F WORD WARNING
Wombwell Rainbow Interviews
I am honoured and privileged that the following poets, local, national and international have agreed to be interviewed by me. I gave the writers two options: an emailed list of questions or a more fluid interview via messenger.
The usual ground is covered about motivation, daily routines and work ethic, but some surprises too. Some of these poets you may know, others may be new to you. I hope you enjoy the experience as much as I do.
Weasel is a degenerate author and The Dude of Weasel Press. He released his latest book, “We Don’t Make It Out Alive” in May of 2018, and has also released a collection of short stories called “Jazz at the End of the Night.” Weasel was a Juried Poet for the 2016 Houston poetry Fest, and has also appeared in an indie documentary, “Something Out of Nothing (S.O.O.N.)” directed by Mitchell Dudley. You can find him on Facebook and Twitter.
Author of Jazz at the End of the Night
The Dude of Weasel Press
Red Ferret Press, & Sinister Stoat
1. What inspired you to write poetry?
I started writing poetry around high school. You know, the usual whiny emo bullshit. I wasn’t much of a reader when I was younger, I read Poe, and most of the other classics for classes but that was about it. What really got me going was music. I used to study the lyrics of Queensryche’s Operation Mindcrime, Dio’s Holy Diver, Judas Priest’s Painkiller, and Alice Cooper’s Brutal Planet, among dozens of other bands. I started writing because of them. I always wanted to write a poem as awesome as the shit I listened to. When I got into college, I found the Beats. Kerouac, Ginsberg, and Burroughs and I fell down that hole real quick. Then slam poetry shortly after. I wanted to push myself to write as damn good as these poets, taking inspiration from shit that happened to me in my life. Still learning. Still growing. Still fuckin’ up, but it’s good writing.
2. Who introduced you to poetry?
Answer: There wasn’t a single individual in my life that showed me any poetry, honestly. But I suppose my creating writing professor nudged me towards poetry a bit more when I was in college.
3. How aware were you of the dominating presence of older poets?
Answer: Most of the poets I met and still talk with are older poets. I was always aware of that, I think. Most of the writers groups, poetry open mics, etc were filled with older poets, and it was cool. Now that I’m nearly 30 though, I’m an older poet (at least so I’m told).
4. What is your daily writing routine?
Answer: Shit. I wish I had a daily routine. When I do write, it’s in the morning, on the weekends. I read a variety of books, between indie poets, then switch it to something like Wakefield and Mojgani, and then an anthology or two I got on the shelf. Reading is always essential to writing. You learn styles, techniques, rhythm, just by looking and reading poetry so it’s one of the most essential parts of my writing process. I check my emails, then light up cause I can’t write without nicotine in my system, otherwise the keyboard makes me agitated. Then I start out with a word or a line and go from there. Sometimes I need to take it to pen and paper, but i always end up back at the PC.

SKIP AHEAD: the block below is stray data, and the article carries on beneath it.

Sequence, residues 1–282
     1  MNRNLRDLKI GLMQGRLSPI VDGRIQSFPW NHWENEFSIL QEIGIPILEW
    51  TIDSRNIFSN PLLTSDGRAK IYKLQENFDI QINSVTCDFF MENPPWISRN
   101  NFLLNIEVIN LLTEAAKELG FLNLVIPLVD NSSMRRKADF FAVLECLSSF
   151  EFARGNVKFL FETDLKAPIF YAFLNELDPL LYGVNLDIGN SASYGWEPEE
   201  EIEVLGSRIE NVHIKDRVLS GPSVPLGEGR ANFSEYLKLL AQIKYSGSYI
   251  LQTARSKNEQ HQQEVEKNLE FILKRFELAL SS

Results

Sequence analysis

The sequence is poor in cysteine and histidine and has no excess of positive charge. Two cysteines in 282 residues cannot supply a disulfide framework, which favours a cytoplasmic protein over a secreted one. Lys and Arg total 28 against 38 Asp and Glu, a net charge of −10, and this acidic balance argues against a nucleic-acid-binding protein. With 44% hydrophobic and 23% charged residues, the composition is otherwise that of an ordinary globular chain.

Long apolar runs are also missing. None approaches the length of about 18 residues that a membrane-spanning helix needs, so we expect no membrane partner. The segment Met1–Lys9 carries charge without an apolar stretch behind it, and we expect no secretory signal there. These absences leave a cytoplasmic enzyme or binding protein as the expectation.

5. What motivates you to write?
Answer: My writing comes from my own experiences. Lovers I’ve had and have, people who’ve given me problems for being gay, suicidal tendencies, etc. I write more narrative work, conversations between me and wait staff at restaurants, assholes in gas stations, things that are real. That you can hold onto.
6. What is your work ethic?
Answer: I bounce back and forth between depression and complete workaholic. If I’m in the latter, I’m working on Weasel Press stuff, Thurston Howl Publication business, and writing a fuckton. If it’s the former, i’m knocked the fuck out. There’s not a smooth process to it. It’s just something I gotta work out.
7. How do the writers you read when you were young influence you today?
Answer: I still read some of the writers I read when I was younger. I’ve gotten rid of maybe 80% of my book collection due to space/money problems, but I still have some old books lying around. Whenever I hit a rough spot, man, I go back to them. Like a back to basics.
8. Who of today’s writers do you admire the most and why?
Answer: Chris Wise for his tenacity, and the ability to stand his own ground. He takes no bullshit and his work shows it.
Damian Rucci, dude’s an inspiration. When he’s got an idea or something he wants to do. He fuckin’ rolls with it.
Mary Margaret Carlisle, my mentor in a way. She’ll take your work, shred the paper right in front of you and make you rewrite it again from memory. It’ll piss you off but you’ll be better for it. Her work always amazes me when I read it.
Emily Ramser has this way of writing that I can’t explain. It’s damn good, unafraid.
Brian Kehinde, if you’ve never read one of this poems you need to. The way he blends erotica, anger, disdain, and love in a whole book is amazing.
9. Why do you write?
Answer: I couldn’t imagine doing anything else. I’m not patient enough to be an artist, and words are a whole other drug.
10. What would you say to someone who asked you “How do you become a writer?”
Answer: I tell them, I became a writer because people are assholes.
11. Tell me about the writing projects you have on at the moment.
Answer: I just put out a book, “We Don’t Make It Out Alive,” $10 on amazon, but if you email me I’ll send it to you for $6 via paypal. it’s a small chapbook of poetry, has some kickass art by Joseph Chou. email: firstname.lastname@example.org if you want a copy.
Aside from that, I’m writing a novella called Honey & Fire, sort of a anthropomorphic lit book. Still figuring out where it’s gonna go.
Hoping to have a new book of poetry out in 2019 as well, already kickin’ out new poems for it. You can check out some new poems at my twitter: http://www.twitter.com/systmaticweasel